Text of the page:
Manufacturing 101: The Packaging Process

A detailed look at the packaging process in a manufacturing workflow

Hello again đź‘‹.

Welcome back to the Manufacturing 101 series where I am giving you an introduction to the way manufacturing companies operate by taking you step by step through the manufacturing workflow.

In the previous parts of the series, I introduced you to the assembly workflow and explained in detail how the assembly process works for manufacturing companies, like Paper Joiners Ltd, the fictional company that we are following in this series.

In this part of the series, we will dive into more detail about the packaging part of the manufacturing workflow.

Before we move on, I would like to take a moment to introduce myself to anyone who might be new to the blog.

My name is Ken Bourke and I have worked as an automation professional for almost a decade. During this time, I have worked on large global projects in different industries around the world.

In the last year, I have started producing content online to share my knowledge through free blog posts and free or very reasonably priced courses.

If you get some value out of this post then consider checking out my courses, joining the mailing list using the form at the bottom of this page, or, if you’re feeling very generous, buying me a coffee using the Buy Me a Coffee widget on this page.

With that bit of shameless self-promotion out of the way, let’s get back to looking at Paper Joiner Ltd’s packaging process.

The Packaging Area

After being assembled, the complete staplers are put into packaging.

The individual staplers are placed into individual packaging containers or plastic clamshell cases like the ones shown below.

The piece of packaging that actually touches the product is called the primary packaging for the product.

Depending on the product, the primary packaging operation may be manual or automated.

After primary packaging, the individually packaged staplers are placed into cases. There are usually a fixed number of products packaged in each case.

A case is an example of secondary packaging for a product.

Very often, the secondary packaging process is automated. A case-packing machine will erect a case, place a fixed number of products in a case, and seal the case shut.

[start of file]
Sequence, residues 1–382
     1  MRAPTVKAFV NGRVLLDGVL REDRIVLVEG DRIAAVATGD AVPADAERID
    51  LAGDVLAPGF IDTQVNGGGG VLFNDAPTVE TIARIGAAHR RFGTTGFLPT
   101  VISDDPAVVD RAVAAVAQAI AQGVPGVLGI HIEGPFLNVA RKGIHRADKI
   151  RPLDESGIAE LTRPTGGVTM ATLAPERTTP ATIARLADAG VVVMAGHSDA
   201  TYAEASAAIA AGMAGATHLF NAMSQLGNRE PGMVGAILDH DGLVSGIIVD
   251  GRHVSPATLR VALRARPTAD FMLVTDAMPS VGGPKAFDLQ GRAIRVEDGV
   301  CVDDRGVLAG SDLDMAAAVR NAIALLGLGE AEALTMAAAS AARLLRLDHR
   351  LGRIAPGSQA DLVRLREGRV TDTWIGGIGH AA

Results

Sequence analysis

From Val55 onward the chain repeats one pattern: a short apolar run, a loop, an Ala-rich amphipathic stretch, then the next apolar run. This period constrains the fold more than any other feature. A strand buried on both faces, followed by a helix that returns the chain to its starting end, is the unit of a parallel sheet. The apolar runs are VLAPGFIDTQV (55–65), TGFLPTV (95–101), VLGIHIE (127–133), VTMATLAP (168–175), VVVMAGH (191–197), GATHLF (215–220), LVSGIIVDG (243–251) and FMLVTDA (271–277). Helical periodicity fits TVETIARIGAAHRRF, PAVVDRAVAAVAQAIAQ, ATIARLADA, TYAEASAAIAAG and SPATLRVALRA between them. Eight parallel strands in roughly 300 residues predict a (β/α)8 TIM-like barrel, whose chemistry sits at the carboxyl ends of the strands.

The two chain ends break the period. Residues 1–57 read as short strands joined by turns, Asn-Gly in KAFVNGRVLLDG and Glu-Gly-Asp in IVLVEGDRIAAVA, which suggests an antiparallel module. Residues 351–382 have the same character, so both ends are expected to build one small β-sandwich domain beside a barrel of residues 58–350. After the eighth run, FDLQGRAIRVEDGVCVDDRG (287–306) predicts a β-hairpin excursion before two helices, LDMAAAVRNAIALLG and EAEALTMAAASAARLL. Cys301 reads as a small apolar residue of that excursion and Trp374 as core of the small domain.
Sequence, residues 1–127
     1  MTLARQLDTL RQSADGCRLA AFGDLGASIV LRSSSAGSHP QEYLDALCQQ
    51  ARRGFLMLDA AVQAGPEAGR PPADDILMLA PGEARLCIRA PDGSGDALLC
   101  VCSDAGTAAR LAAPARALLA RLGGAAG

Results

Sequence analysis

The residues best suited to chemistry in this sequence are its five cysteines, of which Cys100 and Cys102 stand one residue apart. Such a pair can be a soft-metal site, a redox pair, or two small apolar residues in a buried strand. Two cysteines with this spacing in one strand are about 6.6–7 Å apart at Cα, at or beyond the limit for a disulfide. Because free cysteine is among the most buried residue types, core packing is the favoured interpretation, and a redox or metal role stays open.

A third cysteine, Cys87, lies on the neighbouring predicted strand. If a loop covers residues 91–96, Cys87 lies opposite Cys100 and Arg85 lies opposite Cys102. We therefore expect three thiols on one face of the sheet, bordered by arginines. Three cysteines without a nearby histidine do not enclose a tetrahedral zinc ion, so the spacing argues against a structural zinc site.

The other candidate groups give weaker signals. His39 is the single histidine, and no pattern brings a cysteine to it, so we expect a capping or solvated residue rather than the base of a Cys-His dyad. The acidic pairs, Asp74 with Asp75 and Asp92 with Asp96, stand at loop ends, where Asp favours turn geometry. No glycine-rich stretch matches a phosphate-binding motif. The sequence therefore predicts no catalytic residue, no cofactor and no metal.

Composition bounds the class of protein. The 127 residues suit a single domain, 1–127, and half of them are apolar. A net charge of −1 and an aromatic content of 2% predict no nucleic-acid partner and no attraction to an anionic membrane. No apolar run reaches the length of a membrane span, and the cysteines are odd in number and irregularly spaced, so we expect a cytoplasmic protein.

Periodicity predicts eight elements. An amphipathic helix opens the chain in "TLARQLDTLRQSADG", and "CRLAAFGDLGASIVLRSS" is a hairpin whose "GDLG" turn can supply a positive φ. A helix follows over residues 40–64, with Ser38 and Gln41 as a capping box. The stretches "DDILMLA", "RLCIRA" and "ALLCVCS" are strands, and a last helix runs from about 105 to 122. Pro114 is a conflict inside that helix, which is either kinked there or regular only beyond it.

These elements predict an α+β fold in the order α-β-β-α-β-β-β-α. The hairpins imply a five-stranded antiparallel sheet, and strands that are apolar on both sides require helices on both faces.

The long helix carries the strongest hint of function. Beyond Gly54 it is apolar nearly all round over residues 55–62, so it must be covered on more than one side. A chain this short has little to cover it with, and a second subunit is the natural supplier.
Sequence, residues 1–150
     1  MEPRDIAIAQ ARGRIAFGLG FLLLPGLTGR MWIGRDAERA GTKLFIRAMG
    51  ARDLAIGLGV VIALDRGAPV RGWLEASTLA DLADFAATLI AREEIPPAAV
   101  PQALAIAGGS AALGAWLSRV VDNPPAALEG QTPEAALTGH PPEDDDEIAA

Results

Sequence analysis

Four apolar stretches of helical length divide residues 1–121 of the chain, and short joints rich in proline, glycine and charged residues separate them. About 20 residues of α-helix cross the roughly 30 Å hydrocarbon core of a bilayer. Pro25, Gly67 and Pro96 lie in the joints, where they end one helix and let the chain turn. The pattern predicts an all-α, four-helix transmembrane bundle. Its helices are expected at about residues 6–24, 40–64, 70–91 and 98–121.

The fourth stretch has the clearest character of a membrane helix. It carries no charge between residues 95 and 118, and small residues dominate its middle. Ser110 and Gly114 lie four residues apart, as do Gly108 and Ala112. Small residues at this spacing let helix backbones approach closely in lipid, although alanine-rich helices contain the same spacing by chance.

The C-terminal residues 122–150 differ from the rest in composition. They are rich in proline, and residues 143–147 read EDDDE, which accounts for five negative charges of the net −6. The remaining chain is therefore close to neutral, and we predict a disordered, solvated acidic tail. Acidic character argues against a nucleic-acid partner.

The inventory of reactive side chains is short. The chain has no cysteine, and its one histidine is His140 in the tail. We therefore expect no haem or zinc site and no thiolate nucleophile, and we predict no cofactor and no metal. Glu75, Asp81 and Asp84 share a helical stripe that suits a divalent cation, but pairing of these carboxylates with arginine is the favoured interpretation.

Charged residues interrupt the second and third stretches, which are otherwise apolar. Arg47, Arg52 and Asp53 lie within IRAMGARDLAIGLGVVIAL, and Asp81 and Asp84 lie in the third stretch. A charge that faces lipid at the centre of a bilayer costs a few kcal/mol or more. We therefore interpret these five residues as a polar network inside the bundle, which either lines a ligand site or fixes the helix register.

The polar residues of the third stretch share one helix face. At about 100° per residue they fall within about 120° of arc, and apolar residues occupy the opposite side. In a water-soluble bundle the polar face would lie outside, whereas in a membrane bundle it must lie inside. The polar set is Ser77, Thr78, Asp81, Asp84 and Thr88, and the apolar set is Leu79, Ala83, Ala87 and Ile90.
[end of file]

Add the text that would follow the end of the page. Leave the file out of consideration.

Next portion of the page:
The completed case is ejected from the case packing machine ready for palletizing.

You can see an example of a side-loading case-packing machine in the video below from Sidel. This is called a side-loading machine because the products are loaded into the case from the side. Other types of case-packing machines include top-loading and wraparound machines.

Next, the packed cases are loaded onto pallets for shipping.

This process is usually automated because it is repetitive and strenuous. Palletizing is carried out by a machine called a palletizer. A common type of palletizer is a robotic palletizer which uses a robotic arm to transfer cases onto pallets.

You can see an example of a robotic palletizer from BW Integrated Systems in the video below.

Finally, the pallet is shrink-wrapped to prevent cases from falling off the pallet during transport.

Once again, the shrink-wrapping process may be manual, semi-automatic, or automatic depending on the size of the company and the number of pallets being wrapped per day.

In the video below, you can see an example of a semi-automated shrink-wrapping machine with manual loading and unloading.

After shrink-wrapping, the completed pallets are transported to a warehouse for storage until they are eventually shipped out to Paper Joiners Ltd’s customers around the world.

Wrap Up

At this stage, we have followed the entire manufacturing workflow of Paper Joiners Ltd.

In this series, we have seen the receiving, manufacturing, assembly, and packaging operations of Paper Joiners Ltd.

By now, you should be able to describe the manufacturing workflow for a typical company, describe what happens and each step in the manufacturing workflow, and recognize some of the machinery that is used in manufacturing.

Now that we know what happens in the manufacturing workflow, I would like to tell you about who is involved. In the next few articles, I will explain the main roles that are involved in manufacturing.

If you haven’t already, sign up to the mailing list below to be notified when that post is published.

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